New houseplant can clean your home’s air
We like to keep the air in our homes as clean as possible, and sometimes we use HEPA air filters to keep offending allergens and dust particles at bay.
But some hazardous compounds are too small to be trapped in these filters. Small molecules like chloroform, which is present in small amounts in chlorinated water, or benzene, which is a component of gasoline, build up in our homes when we shower or boil water, or when we store cars or lawn mowers in attached garages. Both benzene and chloroform exposure have been linked to cancer.
Now researchers at the University of Washington have genetically modified a common houseplant -- pothos ivy -- to remove chloroform and benzene from the air around it. The modified plants express a protein, called 2E1, that transforms these compounds into molecules that the plants can then use to support their own growth.
"People haven't really been talking about these hazardous organic compounds in homes, and I think that's because we couldn't do anything about them," said senior author Stuart Strand, who is a research professor in the UW's civil and environmental engineering department. "Now we've engineered houseplants to remove these pollutants for us."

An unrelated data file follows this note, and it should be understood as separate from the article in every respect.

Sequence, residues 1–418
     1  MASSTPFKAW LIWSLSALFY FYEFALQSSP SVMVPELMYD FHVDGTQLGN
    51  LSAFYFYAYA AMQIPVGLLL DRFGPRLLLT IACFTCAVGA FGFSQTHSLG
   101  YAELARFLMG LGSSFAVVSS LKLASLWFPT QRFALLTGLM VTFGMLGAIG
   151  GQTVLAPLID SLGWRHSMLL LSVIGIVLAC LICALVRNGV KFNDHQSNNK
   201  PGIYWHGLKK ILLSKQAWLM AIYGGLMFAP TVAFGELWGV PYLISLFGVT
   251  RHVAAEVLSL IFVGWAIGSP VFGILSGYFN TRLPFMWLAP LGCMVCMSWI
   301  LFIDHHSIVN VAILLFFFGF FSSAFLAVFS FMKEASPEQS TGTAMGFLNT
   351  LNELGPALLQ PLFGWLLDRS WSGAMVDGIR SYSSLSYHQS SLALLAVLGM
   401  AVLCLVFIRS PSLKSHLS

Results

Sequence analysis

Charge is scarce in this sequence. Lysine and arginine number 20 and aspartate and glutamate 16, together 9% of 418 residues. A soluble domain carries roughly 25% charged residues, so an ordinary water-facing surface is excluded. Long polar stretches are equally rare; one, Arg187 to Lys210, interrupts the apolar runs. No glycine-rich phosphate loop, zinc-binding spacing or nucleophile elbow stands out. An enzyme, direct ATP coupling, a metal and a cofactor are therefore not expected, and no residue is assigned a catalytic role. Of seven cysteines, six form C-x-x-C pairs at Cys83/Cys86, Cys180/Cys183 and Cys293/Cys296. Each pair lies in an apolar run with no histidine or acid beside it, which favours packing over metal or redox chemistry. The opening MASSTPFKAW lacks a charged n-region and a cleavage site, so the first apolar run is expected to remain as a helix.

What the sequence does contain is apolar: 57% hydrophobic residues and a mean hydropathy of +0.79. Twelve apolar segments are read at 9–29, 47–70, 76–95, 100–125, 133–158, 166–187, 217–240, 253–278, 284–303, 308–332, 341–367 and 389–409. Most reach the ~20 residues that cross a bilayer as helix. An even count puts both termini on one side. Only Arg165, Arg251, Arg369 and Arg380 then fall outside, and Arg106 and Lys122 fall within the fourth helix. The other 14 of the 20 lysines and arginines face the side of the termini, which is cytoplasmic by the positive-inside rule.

The team decided to use a protein called cytochrome P450 2E1, or 2E1 for short, which is present in all mammals, including humans. In our bodies, 2E1 turns benzene into a chemical called phenol and chloroform into carbon dioxide and chloride ions. But 2E1 is located in our livers and is turned on when we drink alcohol. So it's not available to help us process pollutants in our air.
"We decided we should have this reaction occur outside of the body in a plant, an example of the 'green liver' concept," Strand said. "And 2E1 can be beneficial for the plant, too. Plants use carbon dioxide and chloride ions to make their food, and they use phenol to help make components of their cell walls."
The researchers made a synthetic version of the gene that serves as instructions for making the rabbit form of 2E1. T
hen they introduced it into pothos ivy so that each cell in the plant expressed the protein. Pothos ivy doesn't flower in temperate climates so the genetically modified plants won't be able to spread via pollen.
"This whole process took more than two years," said lead author Long Zhang, who is a research scientist in the civil and environmental engineering department.
"That is a long time, compared to other lab plants, which might only take a few months. But we wanted to do this in pothos because it's a robust houseplant that grows well under all sort of conditions."